Sow Oats for Breakfast

Oats are the grains of the common oat plant, Avena sativa. From being mocked as the ‘poor man’s breakfast’ oats have become an asset for many to combat bad lifestyle and poor nutrition. Full of carbohydrates, proteins and fiber, a bowl of oats in the morning is definitely a start to a healthier you...

Why are oats so healthy?

Oats are healthy because of what they contain. Here’s a breakdown of the ingredients of oats:

  1. Carbohydrates: Oats are high in carbohydrates – and carbohydrates get converted into energy. A bowl of oats for breakfast is a perfect start to a day for anyone with high levels of physical activity.
  2. Proteins: As compared to other cereals and grains, oats have a perfect balance of proteinaceous compounds, which are linked to overall bodily functions, good health and youthfulness. They brim with essential fatty acids and amino acids.
  3. Vitamins and Minerals: Oats are a good source of naturally-occurring thiamine, folic acid, pantothenic acid, vitamin E, zinc, selenium, phosphorus, copper, iron, manganese and magnesium.
  4. Insoluble Dietary Fiber: Insoluble dietary fiber keeps the GI tract healthy and functioning well. It absorbs water greatly and adds weight to the stools, making them heavier and thereby preventing constipation. It is also believed to reduce carcinogens in the GI tract.
  5. Soluble Dietary Fiber: One part of soluble fiber is Beta-Glucan – it gets digested and forms a gel-like substance in the intestine. This ‘gel’ catches cholesterol-absorbing substances which in turn lowers the bad cholesterol (LDL) levels without affecting the good cholesterol (HDL). A side benefit is the lowering of blood pressure, too. Beta-Glucan also contributes to the high glycemic index of oats – a bowl for breakfast will keep you fuller, longer -- thus ending unhealthy midmorning snacking and helping you achieve weight-loss goals. And according to some new studies, Beta-Glucan also speeds up healing.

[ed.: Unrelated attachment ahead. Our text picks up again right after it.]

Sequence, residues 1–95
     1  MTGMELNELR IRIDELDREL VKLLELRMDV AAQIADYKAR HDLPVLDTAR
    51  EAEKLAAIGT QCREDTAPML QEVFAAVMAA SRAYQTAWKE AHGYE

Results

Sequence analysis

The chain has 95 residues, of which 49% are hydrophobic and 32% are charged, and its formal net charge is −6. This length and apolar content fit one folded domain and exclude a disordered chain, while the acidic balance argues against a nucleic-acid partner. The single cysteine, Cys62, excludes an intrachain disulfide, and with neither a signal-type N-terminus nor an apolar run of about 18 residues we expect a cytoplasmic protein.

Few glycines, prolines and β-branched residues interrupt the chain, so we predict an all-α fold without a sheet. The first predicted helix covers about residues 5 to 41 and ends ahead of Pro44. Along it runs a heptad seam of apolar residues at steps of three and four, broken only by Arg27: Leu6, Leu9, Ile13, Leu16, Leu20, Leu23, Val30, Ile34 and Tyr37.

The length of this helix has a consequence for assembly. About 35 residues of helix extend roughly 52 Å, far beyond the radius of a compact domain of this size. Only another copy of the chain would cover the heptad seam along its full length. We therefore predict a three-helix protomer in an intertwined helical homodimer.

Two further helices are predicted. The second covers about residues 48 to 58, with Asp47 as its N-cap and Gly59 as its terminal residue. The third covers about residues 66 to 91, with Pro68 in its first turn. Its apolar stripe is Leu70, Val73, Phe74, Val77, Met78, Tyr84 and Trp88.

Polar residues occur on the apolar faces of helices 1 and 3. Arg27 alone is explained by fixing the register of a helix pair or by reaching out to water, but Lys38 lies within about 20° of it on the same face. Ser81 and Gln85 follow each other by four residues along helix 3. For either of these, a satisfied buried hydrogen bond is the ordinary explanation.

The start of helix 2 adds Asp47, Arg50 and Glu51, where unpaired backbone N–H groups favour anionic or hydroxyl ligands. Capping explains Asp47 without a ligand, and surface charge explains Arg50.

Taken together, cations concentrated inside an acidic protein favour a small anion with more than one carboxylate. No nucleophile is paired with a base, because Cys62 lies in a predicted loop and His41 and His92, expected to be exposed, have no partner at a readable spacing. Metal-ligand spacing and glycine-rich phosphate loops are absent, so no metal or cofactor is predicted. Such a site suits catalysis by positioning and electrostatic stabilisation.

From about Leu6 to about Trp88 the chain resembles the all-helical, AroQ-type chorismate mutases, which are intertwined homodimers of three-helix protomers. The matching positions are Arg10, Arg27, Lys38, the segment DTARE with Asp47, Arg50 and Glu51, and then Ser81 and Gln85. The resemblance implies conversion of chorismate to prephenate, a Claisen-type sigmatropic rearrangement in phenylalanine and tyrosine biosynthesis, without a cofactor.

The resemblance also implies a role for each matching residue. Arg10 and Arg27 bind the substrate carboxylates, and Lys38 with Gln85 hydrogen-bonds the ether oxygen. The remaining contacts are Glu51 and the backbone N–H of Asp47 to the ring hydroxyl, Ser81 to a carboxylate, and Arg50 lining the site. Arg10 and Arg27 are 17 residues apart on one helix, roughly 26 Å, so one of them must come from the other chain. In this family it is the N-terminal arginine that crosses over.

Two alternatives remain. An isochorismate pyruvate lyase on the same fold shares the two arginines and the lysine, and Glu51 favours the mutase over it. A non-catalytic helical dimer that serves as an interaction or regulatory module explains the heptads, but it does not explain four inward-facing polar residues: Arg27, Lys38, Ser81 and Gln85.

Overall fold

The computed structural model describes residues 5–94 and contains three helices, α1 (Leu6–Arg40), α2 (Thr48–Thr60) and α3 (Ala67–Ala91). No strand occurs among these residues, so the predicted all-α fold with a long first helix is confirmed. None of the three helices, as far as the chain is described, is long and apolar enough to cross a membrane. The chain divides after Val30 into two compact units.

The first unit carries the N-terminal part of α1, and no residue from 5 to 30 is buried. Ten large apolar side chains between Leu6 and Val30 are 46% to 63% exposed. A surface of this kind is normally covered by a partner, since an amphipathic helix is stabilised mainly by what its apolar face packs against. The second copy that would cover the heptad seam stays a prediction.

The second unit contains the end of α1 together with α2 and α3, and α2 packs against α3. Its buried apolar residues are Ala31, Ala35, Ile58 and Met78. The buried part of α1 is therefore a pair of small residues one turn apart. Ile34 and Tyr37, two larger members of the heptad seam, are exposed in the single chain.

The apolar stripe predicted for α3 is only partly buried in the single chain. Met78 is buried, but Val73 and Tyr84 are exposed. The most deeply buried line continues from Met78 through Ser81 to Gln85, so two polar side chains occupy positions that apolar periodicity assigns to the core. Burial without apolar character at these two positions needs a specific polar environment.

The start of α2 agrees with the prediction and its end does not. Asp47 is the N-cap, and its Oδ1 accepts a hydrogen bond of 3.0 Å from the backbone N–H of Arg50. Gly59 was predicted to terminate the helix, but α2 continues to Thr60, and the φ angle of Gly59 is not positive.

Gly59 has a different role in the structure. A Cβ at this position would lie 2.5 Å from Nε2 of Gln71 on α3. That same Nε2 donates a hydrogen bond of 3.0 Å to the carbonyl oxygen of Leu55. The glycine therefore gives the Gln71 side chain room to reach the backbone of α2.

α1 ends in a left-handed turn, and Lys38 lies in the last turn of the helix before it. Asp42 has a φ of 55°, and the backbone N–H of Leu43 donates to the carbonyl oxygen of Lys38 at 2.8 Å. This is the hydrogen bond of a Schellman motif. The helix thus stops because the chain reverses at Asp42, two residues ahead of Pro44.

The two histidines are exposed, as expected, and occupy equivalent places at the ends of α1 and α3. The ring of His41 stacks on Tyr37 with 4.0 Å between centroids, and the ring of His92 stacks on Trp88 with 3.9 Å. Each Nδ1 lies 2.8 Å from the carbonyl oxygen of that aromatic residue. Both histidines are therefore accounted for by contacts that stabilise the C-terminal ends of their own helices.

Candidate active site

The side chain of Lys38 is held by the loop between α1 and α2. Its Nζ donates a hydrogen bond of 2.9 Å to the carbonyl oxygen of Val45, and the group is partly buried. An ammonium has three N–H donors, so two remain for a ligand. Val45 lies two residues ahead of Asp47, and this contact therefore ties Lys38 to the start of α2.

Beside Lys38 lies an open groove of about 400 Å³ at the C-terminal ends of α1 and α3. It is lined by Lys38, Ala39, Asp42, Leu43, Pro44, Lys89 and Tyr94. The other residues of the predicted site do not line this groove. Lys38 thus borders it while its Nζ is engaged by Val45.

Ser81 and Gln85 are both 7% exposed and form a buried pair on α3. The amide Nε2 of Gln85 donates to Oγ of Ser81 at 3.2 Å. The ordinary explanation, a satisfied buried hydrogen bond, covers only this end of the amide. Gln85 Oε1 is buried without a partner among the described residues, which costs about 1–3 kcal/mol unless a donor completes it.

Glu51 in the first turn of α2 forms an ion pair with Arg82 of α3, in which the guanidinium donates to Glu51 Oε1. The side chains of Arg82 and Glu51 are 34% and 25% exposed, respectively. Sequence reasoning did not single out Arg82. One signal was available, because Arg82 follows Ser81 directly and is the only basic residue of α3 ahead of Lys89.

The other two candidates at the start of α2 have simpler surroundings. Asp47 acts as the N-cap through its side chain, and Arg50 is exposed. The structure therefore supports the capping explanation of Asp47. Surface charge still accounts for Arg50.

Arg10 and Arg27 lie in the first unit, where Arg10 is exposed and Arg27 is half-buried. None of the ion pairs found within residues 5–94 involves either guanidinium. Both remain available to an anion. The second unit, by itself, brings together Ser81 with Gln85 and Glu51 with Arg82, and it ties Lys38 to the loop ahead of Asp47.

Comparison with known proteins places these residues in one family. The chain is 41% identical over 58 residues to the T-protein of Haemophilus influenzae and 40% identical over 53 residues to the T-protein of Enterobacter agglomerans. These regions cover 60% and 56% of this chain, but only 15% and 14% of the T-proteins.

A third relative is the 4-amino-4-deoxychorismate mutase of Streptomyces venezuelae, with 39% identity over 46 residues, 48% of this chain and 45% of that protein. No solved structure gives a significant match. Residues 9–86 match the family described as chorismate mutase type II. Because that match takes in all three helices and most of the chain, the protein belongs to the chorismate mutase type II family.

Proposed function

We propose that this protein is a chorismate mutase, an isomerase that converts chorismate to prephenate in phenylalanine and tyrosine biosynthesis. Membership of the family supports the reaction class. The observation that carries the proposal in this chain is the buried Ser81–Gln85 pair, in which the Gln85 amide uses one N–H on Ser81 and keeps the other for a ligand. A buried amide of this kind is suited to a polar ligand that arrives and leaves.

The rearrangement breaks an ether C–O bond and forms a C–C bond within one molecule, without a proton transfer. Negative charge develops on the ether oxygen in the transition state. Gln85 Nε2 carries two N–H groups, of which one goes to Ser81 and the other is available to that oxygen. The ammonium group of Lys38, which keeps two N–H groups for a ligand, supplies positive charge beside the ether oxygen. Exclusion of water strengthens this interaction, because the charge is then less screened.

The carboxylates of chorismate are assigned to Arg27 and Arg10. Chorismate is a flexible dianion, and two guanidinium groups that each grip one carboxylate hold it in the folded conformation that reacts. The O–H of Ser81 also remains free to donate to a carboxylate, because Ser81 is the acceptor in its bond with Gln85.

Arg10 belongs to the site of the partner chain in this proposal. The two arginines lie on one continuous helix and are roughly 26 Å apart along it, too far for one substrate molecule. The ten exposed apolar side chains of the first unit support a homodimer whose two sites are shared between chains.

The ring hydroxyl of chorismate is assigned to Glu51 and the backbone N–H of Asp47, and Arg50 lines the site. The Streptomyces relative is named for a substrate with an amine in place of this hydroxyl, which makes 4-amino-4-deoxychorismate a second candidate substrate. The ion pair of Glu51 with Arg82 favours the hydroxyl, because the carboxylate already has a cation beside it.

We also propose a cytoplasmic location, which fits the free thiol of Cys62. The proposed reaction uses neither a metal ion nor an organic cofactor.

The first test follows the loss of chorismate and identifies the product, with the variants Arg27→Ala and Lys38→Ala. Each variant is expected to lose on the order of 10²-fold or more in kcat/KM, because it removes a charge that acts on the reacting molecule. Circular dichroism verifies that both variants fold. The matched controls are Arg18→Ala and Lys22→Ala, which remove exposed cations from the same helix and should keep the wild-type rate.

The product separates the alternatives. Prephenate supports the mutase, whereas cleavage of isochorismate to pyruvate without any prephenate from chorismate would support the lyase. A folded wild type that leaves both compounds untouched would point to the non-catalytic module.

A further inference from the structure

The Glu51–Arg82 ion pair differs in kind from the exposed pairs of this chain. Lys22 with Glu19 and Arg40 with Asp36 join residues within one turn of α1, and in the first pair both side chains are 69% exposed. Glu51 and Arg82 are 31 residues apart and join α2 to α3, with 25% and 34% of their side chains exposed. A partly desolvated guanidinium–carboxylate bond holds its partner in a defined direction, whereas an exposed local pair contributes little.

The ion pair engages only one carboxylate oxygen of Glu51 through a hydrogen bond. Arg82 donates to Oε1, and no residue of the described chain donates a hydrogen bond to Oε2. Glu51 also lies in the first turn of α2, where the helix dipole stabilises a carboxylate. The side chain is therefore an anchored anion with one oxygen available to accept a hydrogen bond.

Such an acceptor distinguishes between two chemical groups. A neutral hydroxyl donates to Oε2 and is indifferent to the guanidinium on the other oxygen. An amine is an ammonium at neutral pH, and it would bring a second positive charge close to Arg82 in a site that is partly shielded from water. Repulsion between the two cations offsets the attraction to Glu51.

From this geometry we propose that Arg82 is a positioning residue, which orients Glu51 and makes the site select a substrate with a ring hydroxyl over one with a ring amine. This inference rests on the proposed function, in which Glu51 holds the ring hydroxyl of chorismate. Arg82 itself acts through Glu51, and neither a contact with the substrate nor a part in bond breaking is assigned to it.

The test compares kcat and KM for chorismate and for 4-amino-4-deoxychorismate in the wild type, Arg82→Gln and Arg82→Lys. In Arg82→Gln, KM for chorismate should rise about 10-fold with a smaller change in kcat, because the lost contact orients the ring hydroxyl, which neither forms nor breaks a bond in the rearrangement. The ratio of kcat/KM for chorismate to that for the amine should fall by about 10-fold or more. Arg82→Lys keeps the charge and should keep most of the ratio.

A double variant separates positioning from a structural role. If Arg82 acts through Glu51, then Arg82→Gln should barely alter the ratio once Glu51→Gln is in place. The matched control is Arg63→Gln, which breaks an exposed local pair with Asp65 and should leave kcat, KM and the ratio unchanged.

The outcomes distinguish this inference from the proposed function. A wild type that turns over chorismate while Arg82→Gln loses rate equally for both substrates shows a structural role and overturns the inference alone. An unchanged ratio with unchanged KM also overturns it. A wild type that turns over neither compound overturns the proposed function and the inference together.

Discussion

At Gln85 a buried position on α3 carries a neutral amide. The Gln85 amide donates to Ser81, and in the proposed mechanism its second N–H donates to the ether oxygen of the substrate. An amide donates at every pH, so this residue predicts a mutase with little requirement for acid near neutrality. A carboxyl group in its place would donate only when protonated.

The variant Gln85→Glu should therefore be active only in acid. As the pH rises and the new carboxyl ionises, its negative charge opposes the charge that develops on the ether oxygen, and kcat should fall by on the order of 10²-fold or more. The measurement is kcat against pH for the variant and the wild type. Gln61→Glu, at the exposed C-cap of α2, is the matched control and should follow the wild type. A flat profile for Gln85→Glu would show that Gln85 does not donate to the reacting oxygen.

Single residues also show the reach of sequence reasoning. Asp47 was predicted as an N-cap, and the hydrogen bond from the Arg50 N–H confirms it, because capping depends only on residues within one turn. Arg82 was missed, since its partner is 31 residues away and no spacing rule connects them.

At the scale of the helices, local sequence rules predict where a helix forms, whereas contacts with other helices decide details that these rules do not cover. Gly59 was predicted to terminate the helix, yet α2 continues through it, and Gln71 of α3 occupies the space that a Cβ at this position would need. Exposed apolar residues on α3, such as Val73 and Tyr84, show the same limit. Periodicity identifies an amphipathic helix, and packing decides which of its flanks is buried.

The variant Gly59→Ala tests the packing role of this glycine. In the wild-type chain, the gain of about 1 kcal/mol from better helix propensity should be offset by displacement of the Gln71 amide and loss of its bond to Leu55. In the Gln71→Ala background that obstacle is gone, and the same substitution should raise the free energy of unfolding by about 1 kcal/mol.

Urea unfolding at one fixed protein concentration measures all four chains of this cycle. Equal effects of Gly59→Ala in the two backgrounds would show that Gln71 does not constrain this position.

6. Tocotrienol: Tocotrienol is an antioxidant and along with other antioxidant compounds such as tocopherols, it forms vitamin E which keeps cellular ageing at bay for longer.
  7. Phytochemicals: Phytochemicals are plant chemicals and are believed to cut down the risk of cancer. Lignan, a phytoestrogen compound, is believed to reduce the risk of hormone-related cancers such as breast, ovary, prostrate and endometrium.

Oats at the aisles:

From instant oat packets to the Irish steel-cut variety, the aisles brim with a variety of packets. Let’s begin with listing the types. To begin with, all packaged oats are born as ‘groats’: hulled and roasted oat grains. Then according to their size and cooking time, they can be classified further.

  1. Steel-cut or Irish oats: The least processed oats available, these have the look of porridge grains. The groats are simply chopped into tiny pieces, the size of small seeds. Cooking time: 40-60 minutes.
  2. Stone-ground or Scottish oats: The same process but the pieces are tinier, smaller than couscous. Cooking time: 20-30 minutes.
  3. Rolled oats: The groats are steamed and then pressed into flakes. Rolled oats can be eaten by soaking them in milk overnight or by cooking into oatmeal. Cooking time: 10 minutes.
  4. Quick-cooking oats: They are rolled oats, pressed into thinner flakes in order to speed up the cooking. Cooking Time: 3-5 minutes.